Christian likes to come home from school and hit the treadmill. It unwinds his day. He runs hard and he runs far. Sometimes, I hear that thing going on and on for what seems like a really long time. So I intervene.
I come around the corner and he's plugging away .. with the belt at a decent incline and his hands jammed in the pockets of his shorts.
"Not the best way to run!" I call.
"What??" he hollers breathlessly, headphones still in his ears. I touch mine and he pulls out an ear bud.
"Running with your hands in your pockets .. not the best way to run. If you face plant tripping on your shoelaces ..." at least after all these years he's finally learned to tie them.
"You've been down here a long time." I say, peering around at the treadmill's dashboard stats. 7.5 miles at 5.6 run with 75% incline.
"Don't you think you've had enough?"
I can't even begin to imagine that kind of run. "Sorry, I lost track of the time," he sucks in a big breath and hops off looking suddenly easily un-winded.
Still can't imagine it. My brain would scream hateful thoughts at myself should I even try.
"How do you do that?" I ask on the way back up, "What can you possible be thinking to produce such motivation??"
I'm genuine. I'd really love to know the secret. The rhythm of my feet chant in the moment, 'Don't like this, Don't like this, Don't like this' no matter how much distraction I attempt to use in over-ride.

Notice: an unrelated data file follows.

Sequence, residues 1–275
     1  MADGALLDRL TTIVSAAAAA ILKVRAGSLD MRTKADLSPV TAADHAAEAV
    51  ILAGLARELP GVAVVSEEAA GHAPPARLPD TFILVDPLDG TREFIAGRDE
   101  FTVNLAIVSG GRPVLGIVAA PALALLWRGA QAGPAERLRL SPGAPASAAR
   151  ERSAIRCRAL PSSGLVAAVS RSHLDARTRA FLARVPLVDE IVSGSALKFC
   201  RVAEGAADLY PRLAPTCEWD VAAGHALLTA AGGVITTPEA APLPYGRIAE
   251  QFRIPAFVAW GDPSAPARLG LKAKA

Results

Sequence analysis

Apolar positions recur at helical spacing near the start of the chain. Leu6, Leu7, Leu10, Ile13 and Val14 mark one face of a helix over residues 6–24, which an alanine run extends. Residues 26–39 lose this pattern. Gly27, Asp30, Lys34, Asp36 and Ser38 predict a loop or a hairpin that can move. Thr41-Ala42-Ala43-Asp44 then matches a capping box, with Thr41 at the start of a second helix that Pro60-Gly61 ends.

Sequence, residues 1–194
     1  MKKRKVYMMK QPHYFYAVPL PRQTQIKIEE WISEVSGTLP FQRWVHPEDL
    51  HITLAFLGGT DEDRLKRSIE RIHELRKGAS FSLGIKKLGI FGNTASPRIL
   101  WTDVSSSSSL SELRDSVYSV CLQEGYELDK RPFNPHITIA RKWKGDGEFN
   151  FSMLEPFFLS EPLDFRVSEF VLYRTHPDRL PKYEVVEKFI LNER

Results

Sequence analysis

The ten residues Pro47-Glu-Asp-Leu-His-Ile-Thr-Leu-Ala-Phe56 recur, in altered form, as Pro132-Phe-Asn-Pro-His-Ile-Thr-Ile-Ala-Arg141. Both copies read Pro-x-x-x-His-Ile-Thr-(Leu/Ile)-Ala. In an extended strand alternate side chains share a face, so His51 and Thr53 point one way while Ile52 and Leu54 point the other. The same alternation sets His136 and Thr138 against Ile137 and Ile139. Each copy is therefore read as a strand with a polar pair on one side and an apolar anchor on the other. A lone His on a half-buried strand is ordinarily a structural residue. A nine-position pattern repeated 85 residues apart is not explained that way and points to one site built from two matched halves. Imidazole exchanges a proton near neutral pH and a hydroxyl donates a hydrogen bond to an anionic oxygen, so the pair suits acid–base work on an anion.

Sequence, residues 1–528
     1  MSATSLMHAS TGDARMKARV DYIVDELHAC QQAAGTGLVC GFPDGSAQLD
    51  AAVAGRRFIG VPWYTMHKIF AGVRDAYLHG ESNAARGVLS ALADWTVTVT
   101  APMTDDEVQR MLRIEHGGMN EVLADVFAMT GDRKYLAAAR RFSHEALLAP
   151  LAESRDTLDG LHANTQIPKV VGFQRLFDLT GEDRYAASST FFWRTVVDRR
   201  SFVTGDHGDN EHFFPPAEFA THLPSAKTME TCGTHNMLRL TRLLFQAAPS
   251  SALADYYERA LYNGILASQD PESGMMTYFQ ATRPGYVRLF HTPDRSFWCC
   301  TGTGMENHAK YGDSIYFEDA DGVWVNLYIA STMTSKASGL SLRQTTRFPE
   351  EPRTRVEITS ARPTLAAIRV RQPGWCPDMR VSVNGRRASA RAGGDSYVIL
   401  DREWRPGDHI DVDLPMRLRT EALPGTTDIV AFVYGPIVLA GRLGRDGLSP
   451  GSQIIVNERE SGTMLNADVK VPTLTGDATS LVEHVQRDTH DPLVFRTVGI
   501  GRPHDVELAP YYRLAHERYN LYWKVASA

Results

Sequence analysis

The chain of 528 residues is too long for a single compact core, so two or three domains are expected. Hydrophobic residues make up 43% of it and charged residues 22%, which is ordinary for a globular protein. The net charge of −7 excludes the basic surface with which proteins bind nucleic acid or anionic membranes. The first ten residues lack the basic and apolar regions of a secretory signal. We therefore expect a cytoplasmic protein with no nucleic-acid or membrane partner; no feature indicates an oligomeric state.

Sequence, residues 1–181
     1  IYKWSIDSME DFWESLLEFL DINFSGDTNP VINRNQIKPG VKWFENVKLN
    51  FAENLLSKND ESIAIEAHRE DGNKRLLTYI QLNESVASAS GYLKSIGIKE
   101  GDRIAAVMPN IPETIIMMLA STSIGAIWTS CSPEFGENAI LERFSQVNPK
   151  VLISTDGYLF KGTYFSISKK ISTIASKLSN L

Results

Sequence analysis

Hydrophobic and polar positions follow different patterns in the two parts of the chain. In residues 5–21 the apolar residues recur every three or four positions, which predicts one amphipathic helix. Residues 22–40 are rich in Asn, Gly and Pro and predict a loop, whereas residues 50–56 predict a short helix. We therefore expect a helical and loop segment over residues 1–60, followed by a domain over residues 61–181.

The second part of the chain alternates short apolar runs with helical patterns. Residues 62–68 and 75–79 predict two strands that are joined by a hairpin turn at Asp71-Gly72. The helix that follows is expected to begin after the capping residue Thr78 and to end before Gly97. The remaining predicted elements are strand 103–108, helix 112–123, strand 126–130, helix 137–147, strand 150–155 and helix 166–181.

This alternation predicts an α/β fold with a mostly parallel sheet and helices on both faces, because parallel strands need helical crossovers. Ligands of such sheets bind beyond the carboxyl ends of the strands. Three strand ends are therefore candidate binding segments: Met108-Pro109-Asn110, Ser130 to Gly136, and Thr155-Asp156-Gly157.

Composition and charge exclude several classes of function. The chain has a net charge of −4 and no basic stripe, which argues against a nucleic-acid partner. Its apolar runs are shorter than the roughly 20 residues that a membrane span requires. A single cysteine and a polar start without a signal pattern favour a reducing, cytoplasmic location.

"Well ..." he pauses at the stair top to inhale one last breath, "Mostly ... I think about candy ... and whether or not they'll be enough candy selections at the gas station the next time I go in ... and how much money I might need to earn to buy all the candy I could want if they had it ... like big league chew .. and swedish fish ... and zebra striped gum ... " and he continues trailing off up the stairs.
Oh, to be an uncomplicated fifteen year old boy.
It's later and I'm shoving dishes into the dishwasher. Cleaning a kitchen left over-turned by afternoon snack making. There's frustration behind it because by now these folks should know better. But there's homework stacks and I'm allowing the slide.
Still, there's gripe in my voice as I call the 6'3" boy in to take out the trash for the third time.
"Are you irritated, Mom?" he asks in apologetic tones.
"How could you tell?" I can't help the squint and smile approach as his astute concern melts my momentary irritant.
He pauses at the garage door trash bag in hand, "You know, Mom ... Maybe you should try thinking about candy ..." and the door closes behind him.
I shake my head at uncomplicated simplicity.
Amid the smart mouth truth of it.
That moments in motherhood's rougher run can come with a sweet solution of affectionate reflection. And when it doesn't .. just think of candy.